The following Private Client guidance note provides comprehensive and up to date legal information covering:
In order to make a valid Will, the testator must satisfy a capacity test on two separate occasions:
when they give instructions for the drafting of the Will or at the time it is written or typed out by the client themselves
at the time of executing the Will
If there is no capacity at either time, the Will may be invalid. The problem can be that in between the time of instructions and the execution of the Will capacity diminishes or disappears. The capacity required at the time of execution can be less than that required at the giving of instructions but in such circumstances the testator must still recall the instructions and that the Will that is being executed complies with those instructions.Singellos v Singellos  EWHC 2353 (Ch),  All ER (D) 130 (Sep)Parker v Felgate (1883) 8 P.D. 171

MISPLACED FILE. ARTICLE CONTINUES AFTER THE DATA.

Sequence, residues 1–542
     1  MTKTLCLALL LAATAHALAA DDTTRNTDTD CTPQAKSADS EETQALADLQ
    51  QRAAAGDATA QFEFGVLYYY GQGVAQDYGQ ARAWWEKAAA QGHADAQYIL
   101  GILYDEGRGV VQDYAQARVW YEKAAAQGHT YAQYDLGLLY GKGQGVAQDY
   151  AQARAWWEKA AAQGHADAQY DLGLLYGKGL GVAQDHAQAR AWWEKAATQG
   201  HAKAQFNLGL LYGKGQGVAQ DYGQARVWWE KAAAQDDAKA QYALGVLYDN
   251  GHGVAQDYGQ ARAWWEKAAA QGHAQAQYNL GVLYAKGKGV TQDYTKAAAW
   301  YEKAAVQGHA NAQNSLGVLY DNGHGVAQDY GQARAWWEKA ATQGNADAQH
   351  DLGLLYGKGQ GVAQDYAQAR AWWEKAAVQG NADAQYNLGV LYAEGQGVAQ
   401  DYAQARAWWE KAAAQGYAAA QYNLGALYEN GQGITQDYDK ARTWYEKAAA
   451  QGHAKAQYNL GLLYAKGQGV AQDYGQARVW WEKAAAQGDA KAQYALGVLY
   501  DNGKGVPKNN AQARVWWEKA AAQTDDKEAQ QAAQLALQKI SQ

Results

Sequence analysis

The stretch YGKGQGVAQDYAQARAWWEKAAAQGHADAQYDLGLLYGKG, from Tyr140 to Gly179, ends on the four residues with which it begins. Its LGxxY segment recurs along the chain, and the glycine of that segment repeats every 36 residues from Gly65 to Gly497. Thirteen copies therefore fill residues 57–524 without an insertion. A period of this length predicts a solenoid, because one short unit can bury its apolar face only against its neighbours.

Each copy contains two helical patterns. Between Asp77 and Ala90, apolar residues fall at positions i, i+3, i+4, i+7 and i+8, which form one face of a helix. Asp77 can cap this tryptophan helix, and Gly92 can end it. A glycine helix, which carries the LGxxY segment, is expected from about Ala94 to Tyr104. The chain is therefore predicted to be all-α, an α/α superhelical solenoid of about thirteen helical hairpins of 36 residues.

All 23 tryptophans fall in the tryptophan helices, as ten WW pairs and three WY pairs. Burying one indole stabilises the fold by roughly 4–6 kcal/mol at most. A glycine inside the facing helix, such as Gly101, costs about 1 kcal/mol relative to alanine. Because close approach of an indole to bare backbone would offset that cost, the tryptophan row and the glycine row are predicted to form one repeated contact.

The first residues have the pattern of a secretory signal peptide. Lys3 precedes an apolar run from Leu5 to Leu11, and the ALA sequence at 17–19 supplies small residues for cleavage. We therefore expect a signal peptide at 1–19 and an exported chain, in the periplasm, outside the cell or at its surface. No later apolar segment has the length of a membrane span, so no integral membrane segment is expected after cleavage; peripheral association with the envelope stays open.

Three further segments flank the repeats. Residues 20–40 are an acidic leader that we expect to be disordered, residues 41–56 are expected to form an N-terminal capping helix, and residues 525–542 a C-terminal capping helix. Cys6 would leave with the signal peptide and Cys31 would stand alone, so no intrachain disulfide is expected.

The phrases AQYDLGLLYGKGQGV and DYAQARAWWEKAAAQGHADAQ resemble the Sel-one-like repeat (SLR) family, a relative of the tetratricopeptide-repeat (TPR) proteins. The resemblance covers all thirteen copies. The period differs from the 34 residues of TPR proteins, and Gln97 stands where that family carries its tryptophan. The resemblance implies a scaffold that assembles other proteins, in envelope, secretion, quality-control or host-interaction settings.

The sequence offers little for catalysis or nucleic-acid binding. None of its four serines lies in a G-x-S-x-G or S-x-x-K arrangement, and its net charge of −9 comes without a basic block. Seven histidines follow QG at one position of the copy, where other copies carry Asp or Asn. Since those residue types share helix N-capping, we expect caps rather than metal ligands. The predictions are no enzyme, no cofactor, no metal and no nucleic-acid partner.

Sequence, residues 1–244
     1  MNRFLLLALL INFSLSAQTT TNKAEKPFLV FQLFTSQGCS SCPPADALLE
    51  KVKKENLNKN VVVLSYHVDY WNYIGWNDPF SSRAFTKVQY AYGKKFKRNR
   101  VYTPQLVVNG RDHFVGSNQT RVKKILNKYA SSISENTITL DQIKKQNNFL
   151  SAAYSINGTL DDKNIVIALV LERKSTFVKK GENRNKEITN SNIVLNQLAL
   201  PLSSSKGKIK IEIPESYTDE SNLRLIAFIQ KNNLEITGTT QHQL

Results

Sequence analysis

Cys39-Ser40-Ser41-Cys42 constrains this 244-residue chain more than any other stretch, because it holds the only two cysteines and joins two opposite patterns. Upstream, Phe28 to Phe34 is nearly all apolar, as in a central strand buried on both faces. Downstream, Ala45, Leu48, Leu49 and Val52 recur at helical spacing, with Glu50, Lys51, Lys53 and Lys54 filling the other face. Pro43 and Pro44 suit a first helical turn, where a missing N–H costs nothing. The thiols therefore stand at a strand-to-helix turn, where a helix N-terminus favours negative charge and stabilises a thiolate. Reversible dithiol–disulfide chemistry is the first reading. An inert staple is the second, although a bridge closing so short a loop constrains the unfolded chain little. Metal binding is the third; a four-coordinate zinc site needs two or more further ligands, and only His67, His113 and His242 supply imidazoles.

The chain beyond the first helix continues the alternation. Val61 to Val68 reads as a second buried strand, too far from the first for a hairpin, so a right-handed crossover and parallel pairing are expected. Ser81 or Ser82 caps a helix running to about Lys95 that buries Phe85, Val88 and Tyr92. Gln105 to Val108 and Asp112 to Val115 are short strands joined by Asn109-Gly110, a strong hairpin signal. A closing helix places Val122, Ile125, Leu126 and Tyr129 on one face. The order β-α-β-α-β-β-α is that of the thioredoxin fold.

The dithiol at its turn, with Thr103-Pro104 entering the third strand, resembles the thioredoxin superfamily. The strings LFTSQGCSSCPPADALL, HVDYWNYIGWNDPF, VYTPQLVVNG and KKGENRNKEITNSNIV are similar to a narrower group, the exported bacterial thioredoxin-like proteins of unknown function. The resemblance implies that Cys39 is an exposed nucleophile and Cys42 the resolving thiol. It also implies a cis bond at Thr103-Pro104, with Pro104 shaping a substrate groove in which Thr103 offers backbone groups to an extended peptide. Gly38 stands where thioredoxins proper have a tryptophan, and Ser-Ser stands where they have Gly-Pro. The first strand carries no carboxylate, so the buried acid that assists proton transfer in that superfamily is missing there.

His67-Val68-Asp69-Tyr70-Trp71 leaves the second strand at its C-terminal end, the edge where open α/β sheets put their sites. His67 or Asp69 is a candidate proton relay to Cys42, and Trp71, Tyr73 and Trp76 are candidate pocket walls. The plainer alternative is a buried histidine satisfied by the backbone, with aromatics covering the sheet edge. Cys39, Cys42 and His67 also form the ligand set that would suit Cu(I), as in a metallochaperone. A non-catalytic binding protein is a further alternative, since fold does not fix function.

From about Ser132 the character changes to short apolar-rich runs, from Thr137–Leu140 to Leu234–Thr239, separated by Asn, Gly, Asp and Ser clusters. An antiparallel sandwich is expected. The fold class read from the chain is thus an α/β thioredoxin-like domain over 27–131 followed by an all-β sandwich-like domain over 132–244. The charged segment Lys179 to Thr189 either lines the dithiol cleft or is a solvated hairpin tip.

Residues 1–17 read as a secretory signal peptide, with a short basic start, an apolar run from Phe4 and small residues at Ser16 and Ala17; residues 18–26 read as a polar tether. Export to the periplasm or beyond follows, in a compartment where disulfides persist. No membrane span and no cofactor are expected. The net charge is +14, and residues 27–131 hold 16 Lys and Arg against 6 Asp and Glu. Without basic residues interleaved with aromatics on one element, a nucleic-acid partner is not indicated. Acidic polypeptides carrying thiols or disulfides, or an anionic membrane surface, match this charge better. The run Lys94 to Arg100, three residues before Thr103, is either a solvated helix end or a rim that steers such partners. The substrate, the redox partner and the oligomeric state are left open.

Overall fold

A difficulty that the practitioner will come across with elderly clients is that the instructions may come from a third party. There is nothing inherently wrong with this but the greatest caution needs to be exercised and the principles referred to in Parker v Felgate cannot be applied without sufficient investigation. Not only does case law reflect this but the Solicitors Regulation Authority (SRA) has made the warnings clear in both its Code of Conduct (IB(1.25)) and Handbook 2011. If there is any hint of suspicion, the court will not hesitate in ruling that the Will is invalid.Battan Singh v Amirchand  1 All ER 152SRA Code of ConductVersion 21 of the SRA Handbook
There are two tests that may be applied to determine testamentary capacity—the common law test
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